Arnd also worked on finishing the cleanup of the pci_mmap_resource_range() in-kernel interface across all CPU architectures, on eliminating the virt_to_bus() interface that was deprecated over 20 years ago, and on removing the arm32 “dmabounce” code that blocked the arm32 DMA mapping code from using the same infrastructure as all other architectures.

The SoC tree contained a total of over 1000 patches in the 6.0 release that Arnd merged from downstream maintainers and forwarded to Linus Torvalds. This includes support for two new SoC families: Nuvoton NPCM8XX and Sunplus SP7021.

Viresh Kumar

Redesigned the OPP core’s platform specific configuration interface

As part of Viresh’s OPP Maintainer role, he redesigned the OPP core’s, platform specific, configuration interface in order to provide a simpler interface for platforms requiring multiple configurations. Previously the platforms had to call a resource specific helper, once for each configuration. With the recent changes, a single call is enough to take care of all configurations. This work was instrumental in providing support for multiple clocks per device in the OPP core, which is currently required for Qualcomm SoCs. Viresh also worked on patches to provide the multiple clock support along with Krzysztof Kozlowski.

6.0 test and review credits

Manivannan Sadhasivam

Reviewed and tested PCIe patches

Manivannan helped review and test the PCIe patches improving the Synopsys Designware (DWC) PCIe controller driver. The patches also served as preparation for adding the Embedded DMA (eDMA) support in the DWC PCIe controller driver for offloading the PCIe read/write operations to the host memory from endpoint device.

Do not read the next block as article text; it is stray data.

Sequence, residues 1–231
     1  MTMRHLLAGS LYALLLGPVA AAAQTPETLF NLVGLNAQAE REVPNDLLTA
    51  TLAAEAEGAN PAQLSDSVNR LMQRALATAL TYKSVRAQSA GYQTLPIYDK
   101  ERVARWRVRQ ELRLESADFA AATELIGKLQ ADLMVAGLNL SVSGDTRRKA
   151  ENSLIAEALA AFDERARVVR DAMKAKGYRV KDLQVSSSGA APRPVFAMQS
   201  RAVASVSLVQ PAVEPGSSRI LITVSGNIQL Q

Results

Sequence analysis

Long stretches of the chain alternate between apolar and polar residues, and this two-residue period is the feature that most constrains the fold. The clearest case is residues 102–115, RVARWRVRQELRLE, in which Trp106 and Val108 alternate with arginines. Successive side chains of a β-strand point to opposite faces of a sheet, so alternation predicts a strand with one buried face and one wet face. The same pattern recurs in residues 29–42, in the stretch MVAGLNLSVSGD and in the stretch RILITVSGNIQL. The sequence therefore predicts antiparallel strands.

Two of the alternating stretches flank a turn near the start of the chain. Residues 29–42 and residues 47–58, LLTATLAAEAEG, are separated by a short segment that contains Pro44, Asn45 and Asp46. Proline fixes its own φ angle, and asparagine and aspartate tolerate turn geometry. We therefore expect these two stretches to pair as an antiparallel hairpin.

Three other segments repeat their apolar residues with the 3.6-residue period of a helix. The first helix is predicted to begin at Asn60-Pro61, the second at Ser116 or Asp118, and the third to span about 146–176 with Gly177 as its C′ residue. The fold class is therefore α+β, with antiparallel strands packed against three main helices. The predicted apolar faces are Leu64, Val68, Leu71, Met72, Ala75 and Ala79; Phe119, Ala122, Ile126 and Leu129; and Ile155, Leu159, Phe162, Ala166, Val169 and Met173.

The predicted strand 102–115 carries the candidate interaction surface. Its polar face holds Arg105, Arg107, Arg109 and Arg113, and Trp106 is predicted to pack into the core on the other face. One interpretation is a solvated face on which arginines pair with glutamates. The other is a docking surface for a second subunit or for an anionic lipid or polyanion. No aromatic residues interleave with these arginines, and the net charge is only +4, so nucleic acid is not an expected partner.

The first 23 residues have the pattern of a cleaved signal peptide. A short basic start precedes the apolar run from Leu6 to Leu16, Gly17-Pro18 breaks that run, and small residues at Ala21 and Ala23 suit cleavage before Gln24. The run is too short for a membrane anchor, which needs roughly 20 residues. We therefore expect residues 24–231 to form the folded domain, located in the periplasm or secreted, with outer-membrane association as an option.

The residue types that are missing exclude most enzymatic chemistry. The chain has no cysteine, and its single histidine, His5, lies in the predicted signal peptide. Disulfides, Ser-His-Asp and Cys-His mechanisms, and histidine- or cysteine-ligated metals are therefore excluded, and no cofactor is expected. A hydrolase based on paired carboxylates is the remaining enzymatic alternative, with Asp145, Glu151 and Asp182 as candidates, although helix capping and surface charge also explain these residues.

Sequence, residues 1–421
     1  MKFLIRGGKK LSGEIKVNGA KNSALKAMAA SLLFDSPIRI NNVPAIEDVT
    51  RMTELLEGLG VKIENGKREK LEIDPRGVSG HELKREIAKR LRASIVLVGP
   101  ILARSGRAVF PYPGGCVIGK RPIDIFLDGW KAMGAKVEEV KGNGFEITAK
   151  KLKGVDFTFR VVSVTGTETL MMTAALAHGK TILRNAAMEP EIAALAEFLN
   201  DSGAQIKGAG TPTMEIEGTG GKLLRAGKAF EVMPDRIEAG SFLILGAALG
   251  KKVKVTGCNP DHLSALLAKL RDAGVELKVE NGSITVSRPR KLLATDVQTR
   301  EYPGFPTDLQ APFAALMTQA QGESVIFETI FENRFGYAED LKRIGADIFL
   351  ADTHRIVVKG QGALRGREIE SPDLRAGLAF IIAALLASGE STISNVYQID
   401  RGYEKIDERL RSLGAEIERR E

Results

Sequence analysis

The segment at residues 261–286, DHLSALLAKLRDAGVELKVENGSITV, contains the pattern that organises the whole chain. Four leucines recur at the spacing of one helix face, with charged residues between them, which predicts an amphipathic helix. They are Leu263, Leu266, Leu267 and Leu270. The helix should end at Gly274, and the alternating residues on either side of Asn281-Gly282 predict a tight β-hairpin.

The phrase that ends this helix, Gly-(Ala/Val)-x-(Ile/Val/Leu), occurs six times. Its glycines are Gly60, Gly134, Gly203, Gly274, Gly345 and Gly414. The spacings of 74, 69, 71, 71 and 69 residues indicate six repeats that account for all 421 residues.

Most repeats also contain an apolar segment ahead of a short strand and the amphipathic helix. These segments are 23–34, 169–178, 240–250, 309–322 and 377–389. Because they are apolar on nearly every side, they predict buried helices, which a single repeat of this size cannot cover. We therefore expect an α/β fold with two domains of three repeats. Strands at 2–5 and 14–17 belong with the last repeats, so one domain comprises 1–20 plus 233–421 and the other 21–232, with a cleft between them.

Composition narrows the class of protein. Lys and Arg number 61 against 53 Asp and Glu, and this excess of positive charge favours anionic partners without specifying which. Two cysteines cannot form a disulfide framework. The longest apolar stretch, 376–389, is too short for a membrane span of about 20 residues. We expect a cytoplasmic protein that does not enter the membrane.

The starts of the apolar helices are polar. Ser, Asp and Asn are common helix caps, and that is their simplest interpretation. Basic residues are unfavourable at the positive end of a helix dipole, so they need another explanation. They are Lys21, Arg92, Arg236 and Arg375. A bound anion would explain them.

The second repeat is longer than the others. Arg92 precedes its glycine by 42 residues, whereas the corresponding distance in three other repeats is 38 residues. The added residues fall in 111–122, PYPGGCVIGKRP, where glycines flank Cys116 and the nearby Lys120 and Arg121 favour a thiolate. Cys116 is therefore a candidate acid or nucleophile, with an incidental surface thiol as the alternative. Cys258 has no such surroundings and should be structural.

Overall Testing Statistics

Linaro consistently ranks in the top ten companies when it comes to reviews, testing and reporting of regressions. We asked Naresh Kamboju - Linux Kernel Validation Engineer at Linaro - to share some statistics on our contributions.

Reviewed by - Linaro in 6th place

Around 81 companies contributed their works to this kernel release v6.0 and Linaro secured 6th position in “Reviewed-by” of this kernel release by committing 571 Reviewed-by for this kernel release which is around 25% improvement for the previous release.

reviewed by stats 6.0 kernel release

Tested by - Linaro in 7th place

Around 55 companies contribute their works to this kernel release v6.0 and Linaro secured 7th position in “Tested-by” of this kernel release by committing 75 Tested-by for this kernel release which is around 300% improvement for the previous release.

tested by stats 6.0 kernel release


Through feature enablement, testing and maintenance, Linaro engineers continue to play a crucial role in advancing the Arm software ecosystem. To find out more about Linaro’s role in the Linux kernel, check out our Upstream Maintainership project page.